Coffee Prices Decline, Why It Happened And How To Stop It
Coffee consumption has continued to increase throughout the year and so have prices at the time of consumption in both Europe and U.S.A.
Nonetheless, coffee prices have fallen sharply in 2018, reaching, in September, the lowest price per pound since 2006.
The average price per pound in 2018 was 1.02$ with prices as low as 0.95$ per pound.
The drop in prices is putting pressure on growers, especially smallholder farmers, as the cost of production is surpassing the profitability of the harvest.
What are the major causes of the decline of coffee prices?
The major factors affecting worldwide coffee prices are connected with 2 of the biggest producers, Brazil and Vietnam.
Both countries are experiencing an amazing harvest with a crop yield that exceeded all expectations.
This is creating a huge surplus of coffee beans on the market, especially for Arabica, and lowering prices.
Brazil is also undergoing a period of political uncertainty which lead the real, the Brazilian currency, to drop in value, dragging coffee prices further down with it.
On a smaller scale, market fluctuations in regards to exchange rates and speculators are playing a part in coffee prices.
Who is affected the most?
Smallholder farmers are the ones suffering the most from the price crunch.
It is estimated that, for a farmer in Latin America to break even, they would have to sell their coffee beans for 1.08$ per pound; this price would not account for equipment maintenance nor emergencies.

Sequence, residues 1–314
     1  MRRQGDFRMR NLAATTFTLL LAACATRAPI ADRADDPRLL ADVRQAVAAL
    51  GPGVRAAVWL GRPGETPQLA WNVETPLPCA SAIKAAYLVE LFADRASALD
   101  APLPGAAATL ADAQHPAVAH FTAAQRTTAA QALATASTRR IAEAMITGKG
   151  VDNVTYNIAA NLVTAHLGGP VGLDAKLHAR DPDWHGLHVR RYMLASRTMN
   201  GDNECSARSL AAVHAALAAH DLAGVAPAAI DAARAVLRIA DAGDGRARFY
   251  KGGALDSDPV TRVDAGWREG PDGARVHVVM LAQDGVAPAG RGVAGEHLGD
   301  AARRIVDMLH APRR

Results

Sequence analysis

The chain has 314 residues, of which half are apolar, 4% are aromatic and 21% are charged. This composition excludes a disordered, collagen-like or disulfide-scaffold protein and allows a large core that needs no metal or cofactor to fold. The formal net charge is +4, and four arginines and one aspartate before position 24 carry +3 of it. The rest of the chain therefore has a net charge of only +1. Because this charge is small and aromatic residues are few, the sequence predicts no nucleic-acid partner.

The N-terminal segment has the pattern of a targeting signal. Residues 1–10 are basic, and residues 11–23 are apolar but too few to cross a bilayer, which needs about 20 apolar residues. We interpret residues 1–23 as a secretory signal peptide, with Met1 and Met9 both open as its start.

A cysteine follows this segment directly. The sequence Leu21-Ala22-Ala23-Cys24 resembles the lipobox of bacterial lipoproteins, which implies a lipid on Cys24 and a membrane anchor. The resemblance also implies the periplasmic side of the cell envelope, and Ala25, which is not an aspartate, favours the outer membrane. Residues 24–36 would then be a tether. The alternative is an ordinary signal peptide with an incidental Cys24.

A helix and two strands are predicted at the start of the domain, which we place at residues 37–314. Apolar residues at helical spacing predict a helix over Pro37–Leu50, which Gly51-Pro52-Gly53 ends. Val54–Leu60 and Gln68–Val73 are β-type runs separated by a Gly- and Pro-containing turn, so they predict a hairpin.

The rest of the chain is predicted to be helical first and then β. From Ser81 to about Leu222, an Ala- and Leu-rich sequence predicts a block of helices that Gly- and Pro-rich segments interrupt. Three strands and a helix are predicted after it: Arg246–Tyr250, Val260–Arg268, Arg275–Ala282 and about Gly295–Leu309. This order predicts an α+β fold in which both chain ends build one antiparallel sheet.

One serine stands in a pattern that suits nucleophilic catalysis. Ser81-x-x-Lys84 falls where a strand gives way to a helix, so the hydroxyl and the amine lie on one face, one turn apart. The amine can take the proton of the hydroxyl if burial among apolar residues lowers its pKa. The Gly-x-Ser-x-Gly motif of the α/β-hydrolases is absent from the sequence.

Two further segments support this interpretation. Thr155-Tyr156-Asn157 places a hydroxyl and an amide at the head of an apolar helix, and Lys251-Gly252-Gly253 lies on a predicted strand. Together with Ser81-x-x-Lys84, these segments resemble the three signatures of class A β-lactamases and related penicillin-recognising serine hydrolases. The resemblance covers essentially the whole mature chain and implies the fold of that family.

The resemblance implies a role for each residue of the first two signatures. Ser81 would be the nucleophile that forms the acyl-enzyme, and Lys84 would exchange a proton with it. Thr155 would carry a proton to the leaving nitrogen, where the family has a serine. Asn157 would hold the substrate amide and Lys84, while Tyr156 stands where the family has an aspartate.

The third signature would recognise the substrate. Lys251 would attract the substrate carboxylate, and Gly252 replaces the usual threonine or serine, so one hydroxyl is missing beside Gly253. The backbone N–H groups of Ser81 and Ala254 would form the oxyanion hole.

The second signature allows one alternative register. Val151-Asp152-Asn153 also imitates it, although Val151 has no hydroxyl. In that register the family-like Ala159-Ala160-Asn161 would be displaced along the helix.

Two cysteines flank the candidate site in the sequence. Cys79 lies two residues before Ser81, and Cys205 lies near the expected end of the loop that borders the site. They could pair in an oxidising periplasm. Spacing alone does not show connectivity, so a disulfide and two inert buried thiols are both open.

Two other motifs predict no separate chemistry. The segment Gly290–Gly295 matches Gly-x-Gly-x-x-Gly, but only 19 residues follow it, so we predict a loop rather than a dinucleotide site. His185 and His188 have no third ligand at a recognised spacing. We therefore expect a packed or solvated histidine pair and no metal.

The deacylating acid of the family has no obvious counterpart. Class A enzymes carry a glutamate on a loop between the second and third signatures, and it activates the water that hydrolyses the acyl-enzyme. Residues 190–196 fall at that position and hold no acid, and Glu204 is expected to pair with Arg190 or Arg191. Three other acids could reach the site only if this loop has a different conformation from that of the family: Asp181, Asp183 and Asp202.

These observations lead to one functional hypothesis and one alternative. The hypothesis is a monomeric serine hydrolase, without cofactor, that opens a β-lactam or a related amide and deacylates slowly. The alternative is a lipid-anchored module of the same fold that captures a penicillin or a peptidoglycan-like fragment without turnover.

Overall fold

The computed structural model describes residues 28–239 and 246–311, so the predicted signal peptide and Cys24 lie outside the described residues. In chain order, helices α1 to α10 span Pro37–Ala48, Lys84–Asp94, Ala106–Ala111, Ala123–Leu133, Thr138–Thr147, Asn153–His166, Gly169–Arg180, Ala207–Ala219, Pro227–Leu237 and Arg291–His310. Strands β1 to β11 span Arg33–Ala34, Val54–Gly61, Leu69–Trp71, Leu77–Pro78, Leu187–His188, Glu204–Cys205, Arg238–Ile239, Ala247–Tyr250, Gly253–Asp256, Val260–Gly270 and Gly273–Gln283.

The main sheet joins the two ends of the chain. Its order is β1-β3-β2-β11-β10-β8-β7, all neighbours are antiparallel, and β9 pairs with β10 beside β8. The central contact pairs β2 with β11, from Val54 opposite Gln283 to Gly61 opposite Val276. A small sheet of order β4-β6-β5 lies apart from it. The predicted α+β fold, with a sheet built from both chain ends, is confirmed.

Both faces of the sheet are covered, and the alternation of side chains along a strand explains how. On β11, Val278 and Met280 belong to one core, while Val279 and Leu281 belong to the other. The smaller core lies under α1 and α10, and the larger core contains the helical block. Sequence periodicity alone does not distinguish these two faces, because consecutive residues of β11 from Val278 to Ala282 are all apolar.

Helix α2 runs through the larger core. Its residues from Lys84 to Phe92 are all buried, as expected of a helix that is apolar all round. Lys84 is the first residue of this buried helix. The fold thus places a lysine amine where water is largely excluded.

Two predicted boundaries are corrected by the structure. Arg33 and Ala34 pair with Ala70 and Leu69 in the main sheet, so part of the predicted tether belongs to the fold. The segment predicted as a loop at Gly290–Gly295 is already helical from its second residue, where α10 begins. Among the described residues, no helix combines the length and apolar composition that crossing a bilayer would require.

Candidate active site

Rabobank latest report points out that cost of labour is pushing farmers in Central America to leave the crops on the trees instead of harvesting them especially in areas that are harder to reach.
Farmers in Brazil and Vietnam are not as affected as weak currencies and low productions cost give them a chance to profit even at this stage.
Countries with stronger currencies, such as Indonesia, India and Kenya, are under pressure and searching for solutions to avoid bankrupting smallholder farmers without forcing them to switch to different crops.
Governments and corporations are stepping in.
Global awareness on the matter of sustainability and livelihood of smallholder farmers is growing all over the world.
In Colombia, where coffee is one of the largest export in the country, the government is stepping in with proposals aimed at subsidizing farmers to guarantee fair prices and wages. The Columbia Agricultural Minister aims to help growers with debt assistance, funding for the purchasing of fertilizers and incentives for crops renovation.
Roasters and retail corporations are also launching their own sustainability initiatives to support growers and promote fair trade.
For example, Starbucks has pledged 20 million dollars to support smallholder farmers until coffee prices rise back up to a profitable level.
Many roasters have also committed to buying only ethically sourced coffee, partnering with non-profit organizations such as the Rainforest Alliance, to guarantee a fair income to growers.
One of the proposals that is gaining the most traction is the one advanced by Colombia and Brazil, who believe we should move coffee stocks from the consuming countries back to the producing ones. This move aims to give back control over sales to growers and create a multi-national organization that would oversee supply and demand (as it already happens for oil and other commodities).
With the initiatives started by retailers, there is a push to remove the middle-man, the trader, and source coffee beans directly from growers to easily guarantee the sustainability of the product.
Packaging and marketing will also play an important role in influencing consumers while increasing awareness on the issue.
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Italian coffee aficionado, emigrated to Australia in 2013 and is always on the lookout for new and exciting coffee flavours and styles to discover. For about a year, he has been working as a freelance translator and content writer in both English and Italian.